Phenylketonuria (PKU), one of the most common inherited metabolic disorders, is estimated at 1 per 10,000 to 15,000 births. The inheritance is autosomal recessive. The mutant gene maps to chromosome 12. Deficient activity of the hepatic enzyme phenylalanine hydroxy-lase, which converts the phenylalanine to tyrosine, results in an accumulation of phenylalanine in the plasma and excretion of phenylpyruvic acid in the urine. Blood phenylalanine levels may reach 1,200 |imol/L or more. Acceptable levels range from 180 to 900 |imol/L. The urine test is positive for phenylpyruvic acid when the color of the urine changes to green after adding 10% FeCl3 to it. Early treatment with a phenylalanine-free diet prevents the development of neurologic complications. In untreated phenylketonuria, severe mental retardation, behavioral abnormalities, seizures, and motor dysfunctions are major neurologic complications. Patients usually have blond hair, fair skin, and blue eyes. Children of mothers with untreated PKU during pregnancy may have malformations such as microcephaly, agenesis of the corpus callosum, and cortical abnormalities.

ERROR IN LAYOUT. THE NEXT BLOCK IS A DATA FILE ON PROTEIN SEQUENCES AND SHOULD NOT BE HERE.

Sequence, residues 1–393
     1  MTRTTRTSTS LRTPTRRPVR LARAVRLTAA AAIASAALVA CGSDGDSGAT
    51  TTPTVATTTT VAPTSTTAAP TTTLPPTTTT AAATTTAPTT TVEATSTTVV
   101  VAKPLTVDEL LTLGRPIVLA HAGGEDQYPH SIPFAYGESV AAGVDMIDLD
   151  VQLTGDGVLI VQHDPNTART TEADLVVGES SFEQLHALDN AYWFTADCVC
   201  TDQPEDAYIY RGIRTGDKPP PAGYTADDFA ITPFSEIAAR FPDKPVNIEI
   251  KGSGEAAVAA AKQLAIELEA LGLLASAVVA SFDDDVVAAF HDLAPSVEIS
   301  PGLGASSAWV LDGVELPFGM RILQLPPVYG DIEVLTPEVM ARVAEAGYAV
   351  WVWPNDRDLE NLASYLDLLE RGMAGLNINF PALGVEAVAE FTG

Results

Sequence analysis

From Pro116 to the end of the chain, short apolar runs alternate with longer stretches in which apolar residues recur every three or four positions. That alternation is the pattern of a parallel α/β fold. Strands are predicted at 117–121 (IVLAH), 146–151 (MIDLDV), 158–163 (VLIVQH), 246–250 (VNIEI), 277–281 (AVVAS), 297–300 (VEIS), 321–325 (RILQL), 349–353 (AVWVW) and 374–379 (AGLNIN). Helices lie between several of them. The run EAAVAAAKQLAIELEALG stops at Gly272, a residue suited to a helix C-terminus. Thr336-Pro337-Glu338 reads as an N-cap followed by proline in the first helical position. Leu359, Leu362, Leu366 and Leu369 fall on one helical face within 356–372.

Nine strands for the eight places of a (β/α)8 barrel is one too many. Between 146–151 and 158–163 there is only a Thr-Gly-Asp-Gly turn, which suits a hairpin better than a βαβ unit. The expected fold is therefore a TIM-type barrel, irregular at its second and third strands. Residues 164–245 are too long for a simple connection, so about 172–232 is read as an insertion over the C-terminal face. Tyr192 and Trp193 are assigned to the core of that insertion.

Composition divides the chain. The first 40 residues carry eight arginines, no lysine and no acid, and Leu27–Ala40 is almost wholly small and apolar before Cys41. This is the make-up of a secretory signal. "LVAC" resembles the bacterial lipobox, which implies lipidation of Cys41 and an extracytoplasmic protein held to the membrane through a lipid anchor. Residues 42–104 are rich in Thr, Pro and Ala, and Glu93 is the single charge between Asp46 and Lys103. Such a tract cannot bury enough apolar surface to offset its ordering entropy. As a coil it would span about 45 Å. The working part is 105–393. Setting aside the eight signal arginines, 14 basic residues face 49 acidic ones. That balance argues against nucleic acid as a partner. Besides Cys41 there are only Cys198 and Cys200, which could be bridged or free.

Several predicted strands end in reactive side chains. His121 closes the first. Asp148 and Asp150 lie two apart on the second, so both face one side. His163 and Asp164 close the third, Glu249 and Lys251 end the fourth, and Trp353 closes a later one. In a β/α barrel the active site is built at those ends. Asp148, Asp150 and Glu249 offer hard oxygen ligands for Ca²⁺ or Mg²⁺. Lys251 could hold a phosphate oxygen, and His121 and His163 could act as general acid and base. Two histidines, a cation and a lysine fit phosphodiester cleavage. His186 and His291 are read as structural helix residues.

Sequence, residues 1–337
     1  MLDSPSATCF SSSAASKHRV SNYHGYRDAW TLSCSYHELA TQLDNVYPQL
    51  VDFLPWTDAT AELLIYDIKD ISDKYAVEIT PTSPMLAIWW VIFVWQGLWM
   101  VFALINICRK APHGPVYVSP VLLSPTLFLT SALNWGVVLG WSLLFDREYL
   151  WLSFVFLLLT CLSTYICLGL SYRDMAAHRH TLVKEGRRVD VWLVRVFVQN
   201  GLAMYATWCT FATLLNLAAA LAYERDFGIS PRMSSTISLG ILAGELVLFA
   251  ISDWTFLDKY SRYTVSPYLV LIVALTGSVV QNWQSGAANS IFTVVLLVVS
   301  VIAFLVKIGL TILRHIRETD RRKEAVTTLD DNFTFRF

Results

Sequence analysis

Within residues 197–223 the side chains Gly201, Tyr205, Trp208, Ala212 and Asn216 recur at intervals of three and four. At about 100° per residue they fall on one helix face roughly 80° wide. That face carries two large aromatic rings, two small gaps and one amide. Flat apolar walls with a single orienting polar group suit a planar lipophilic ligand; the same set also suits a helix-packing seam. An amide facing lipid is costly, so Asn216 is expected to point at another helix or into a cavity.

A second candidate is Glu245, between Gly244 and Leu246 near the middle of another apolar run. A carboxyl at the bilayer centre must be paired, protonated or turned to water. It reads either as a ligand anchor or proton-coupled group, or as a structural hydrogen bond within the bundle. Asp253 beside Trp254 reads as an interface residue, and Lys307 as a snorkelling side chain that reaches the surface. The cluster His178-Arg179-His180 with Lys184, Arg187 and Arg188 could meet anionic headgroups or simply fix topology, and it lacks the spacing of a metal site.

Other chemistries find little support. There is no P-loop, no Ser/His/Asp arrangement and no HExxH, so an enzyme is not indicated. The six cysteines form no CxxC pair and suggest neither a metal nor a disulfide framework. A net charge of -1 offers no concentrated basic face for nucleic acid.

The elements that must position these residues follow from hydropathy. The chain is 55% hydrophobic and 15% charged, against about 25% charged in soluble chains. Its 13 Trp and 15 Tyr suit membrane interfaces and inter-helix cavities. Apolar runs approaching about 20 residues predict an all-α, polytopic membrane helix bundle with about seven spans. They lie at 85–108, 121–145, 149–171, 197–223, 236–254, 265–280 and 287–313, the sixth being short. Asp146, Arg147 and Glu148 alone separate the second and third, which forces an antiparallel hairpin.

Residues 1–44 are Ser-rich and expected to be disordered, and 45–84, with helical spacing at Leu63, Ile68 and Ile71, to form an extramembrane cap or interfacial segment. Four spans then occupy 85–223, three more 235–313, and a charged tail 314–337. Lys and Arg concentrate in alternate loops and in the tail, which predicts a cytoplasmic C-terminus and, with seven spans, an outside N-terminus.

A small brain, delayed and deficient myelination with spongiosis, and astrocytic fibrosis are characteristic pathologic features of untreated cases.

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